MISSION UPDATES | November 21, 2022

Sols 3657-3659: Working Through the Weekend

Written by Keri Bean, Rover Planner Deputy Team Lead at NASA's Jet Propulsion Laboratory
This image shows Curiosity's nameplate above the Mars surface and was taken by Left Navigation Camera onboard Curiosity on Sol 3655.

This image was taken by Left Navigation Camera onboard NASA's Mars rover Curiosity on Sol 3655. Credits: NASA/JPL-Caltech. Download image ›

Today was a plan chockful of goodies to cover the weekend! Luckily the rover repositioning mentioned in the previous blog worked and we could safely use the arm in this plan.

We start the rover off right away in the morning on sol 3657 with a very long block of remote sensing, including a Navcam dust devil survey, a ChemCam laser observation of “Cigana,” some long distance ChemCam imaging, a DAN observation, and several Mastcam observations of Cigana, Rafael Navarro, Gediz Vallis Ridge, and some imaging of the rover deck. The rover will take a nice nap until later in the afternoon where the rover will wake up and perform some arm activities. As I’ve blogged before, we’re really having fun challenging our arm Rover Planner trainees and today included two uses of our Dust Removal Tool! We brush and take MAHLI imaging of both the “Lua” and “Rio Jufari” targets, and start the evening with the APXS instrument observing the Lua target. Mid-evening we will replace the APXS on the Rio Jufari target to get an observation of that target. Later that night we will stow the arm to prepare for the next sol’s drive.

Starting out nice and early in the rover’s morning on sol 3658, we take a full 360 panorama around us in the morning light, followed by some imaging of Gediz Vallis Ridge. A bit later in the morning we do some atmospheric monitoring imaging with Mastcam and Navcam, a ChemCam laser observation of the previous sol’s arm target Rio Jufari, some distance imaging with ChemCam, and a slew of Mastcam observations of Saddle Mountain, “Xua,” Lua, and Rio Jufari.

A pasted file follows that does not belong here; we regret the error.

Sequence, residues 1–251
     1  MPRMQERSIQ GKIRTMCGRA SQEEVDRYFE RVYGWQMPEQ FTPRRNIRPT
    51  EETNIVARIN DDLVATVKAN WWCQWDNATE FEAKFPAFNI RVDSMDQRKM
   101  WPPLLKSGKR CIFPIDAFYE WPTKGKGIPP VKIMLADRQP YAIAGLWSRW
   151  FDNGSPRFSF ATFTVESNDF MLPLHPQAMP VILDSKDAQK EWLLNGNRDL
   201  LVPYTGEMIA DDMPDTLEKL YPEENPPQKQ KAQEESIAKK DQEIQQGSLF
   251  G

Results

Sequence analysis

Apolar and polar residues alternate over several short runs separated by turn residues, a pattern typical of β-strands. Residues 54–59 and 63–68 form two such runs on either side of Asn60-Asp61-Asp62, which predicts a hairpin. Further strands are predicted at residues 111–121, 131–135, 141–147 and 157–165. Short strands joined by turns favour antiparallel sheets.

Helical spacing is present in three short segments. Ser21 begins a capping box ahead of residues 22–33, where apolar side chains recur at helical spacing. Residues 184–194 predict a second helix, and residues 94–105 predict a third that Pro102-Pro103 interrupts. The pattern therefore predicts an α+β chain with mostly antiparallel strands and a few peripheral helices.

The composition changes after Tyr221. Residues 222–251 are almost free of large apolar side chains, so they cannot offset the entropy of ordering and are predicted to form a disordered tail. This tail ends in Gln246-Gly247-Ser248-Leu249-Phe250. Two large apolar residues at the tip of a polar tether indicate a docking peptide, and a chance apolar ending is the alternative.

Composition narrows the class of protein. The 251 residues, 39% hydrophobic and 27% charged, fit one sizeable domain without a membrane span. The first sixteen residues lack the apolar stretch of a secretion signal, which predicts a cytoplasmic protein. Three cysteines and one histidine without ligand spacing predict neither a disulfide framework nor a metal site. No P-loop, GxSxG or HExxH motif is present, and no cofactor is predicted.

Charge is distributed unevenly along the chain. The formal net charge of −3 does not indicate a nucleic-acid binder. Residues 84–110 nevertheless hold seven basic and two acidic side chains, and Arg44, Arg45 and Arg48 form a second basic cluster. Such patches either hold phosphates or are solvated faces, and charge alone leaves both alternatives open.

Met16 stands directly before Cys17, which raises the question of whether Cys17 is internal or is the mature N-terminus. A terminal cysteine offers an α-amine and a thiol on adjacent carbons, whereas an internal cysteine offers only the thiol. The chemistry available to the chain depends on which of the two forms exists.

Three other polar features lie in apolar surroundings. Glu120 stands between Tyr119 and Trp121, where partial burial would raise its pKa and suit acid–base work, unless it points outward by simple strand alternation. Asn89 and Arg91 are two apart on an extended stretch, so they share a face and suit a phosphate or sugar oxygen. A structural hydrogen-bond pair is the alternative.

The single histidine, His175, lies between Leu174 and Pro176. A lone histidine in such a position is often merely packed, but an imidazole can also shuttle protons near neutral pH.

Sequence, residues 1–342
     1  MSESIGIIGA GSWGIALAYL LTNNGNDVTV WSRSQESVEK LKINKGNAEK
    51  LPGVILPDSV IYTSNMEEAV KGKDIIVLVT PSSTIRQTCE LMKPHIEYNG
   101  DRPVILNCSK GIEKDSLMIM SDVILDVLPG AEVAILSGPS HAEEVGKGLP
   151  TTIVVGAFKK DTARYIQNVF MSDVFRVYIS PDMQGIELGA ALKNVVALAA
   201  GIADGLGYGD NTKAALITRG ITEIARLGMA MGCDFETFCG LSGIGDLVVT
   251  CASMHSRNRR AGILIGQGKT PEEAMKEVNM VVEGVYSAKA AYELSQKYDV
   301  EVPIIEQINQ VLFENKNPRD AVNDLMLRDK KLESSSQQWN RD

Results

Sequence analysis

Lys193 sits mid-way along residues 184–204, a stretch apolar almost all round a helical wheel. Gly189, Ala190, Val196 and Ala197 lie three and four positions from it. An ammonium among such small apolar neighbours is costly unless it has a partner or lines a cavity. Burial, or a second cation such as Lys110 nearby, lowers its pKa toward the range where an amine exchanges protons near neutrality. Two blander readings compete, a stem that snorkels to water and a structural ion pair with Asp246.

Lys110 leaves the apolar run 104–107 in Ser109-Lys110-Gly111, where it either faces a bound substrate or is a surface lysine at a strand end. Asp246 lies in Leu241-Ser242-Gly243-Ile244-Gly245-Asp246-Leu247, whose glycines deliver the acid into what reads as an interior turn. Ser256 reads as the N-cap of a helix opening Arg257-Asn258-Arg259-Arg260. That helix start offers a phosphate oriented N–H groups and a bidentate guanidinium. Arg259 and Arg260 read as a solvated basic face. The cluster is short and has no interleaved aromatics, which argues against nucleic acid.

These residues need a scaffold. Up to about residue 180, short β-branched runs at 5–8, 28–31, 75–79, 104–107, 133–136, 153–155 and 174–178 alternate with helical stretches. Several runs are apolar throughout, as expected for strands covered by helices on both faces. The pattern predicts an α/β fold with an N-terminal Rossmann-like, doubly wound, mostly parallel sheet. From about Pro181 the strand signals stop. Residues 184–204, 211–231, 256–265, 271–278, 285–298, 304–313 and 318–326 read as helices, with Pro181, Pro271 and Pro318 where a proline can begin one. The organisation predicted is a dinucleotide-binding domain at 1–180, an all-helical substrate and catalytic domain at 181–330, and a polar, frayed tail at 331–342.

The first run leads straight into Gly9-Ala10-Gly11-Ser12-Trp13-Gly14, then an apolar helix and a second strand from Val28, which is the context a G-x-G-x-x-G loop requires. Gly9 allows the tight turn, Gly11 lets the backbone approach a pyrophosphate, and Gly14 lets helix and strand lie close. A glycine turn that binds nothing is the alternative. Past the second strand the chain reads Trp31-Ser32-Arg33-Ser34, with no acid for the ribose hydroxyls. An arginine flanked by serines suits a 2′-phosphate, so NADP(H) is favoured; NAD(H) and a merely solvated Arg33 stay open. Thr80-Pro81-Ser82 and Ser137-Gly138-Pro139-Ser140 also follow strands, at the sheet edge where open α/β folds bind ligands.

After all that great imaging, the rover will spend the next 4 hours driving! Today I was the mobility Rover Planner, so I was responsible for driving the rover today! In today’s plan we included something we don’t do very often, and that’s what we call the Full MAHLI Wheel Imaging activity, where we use a combination of Mastcam and MAHLI to image our wheels and monitor our wheels for any new damage. We have some requirements to find a spot safe to do this imaging, so a lot of my morning on shift was verifying a good safe spot to perform this activity in. Luckily there was a good spot about 5 meters behind where the rover is, so we back up, run this activity, then start heading back the way we came. We’ll be driving about 45 meters, retracing our steps, and ending near the sand ripple from a few sols ago with hopefully some bedrock in the workspace for the next Rover Planners to play with.

After the drive completes, we’ll take our post-drive imaging block of Hazcams, Navcams, and Mastcams to provide the imaging for the next planning team to use. We’ll take a bit of a nap (after all, 4 hours of driving is a lot!) and later in the evening we’ll take a MARDI image.

The third and final sol of this plan, sol 3659, has an autonomously selected ChemCam target in the morning before sleeping until very early on sol 3660 where we’ll take a slew of atmospheric monitoring images with Navcam and Mastcam. Throughout the plan are our standard environmental monitoring with DAN, RAD, and REMS as well.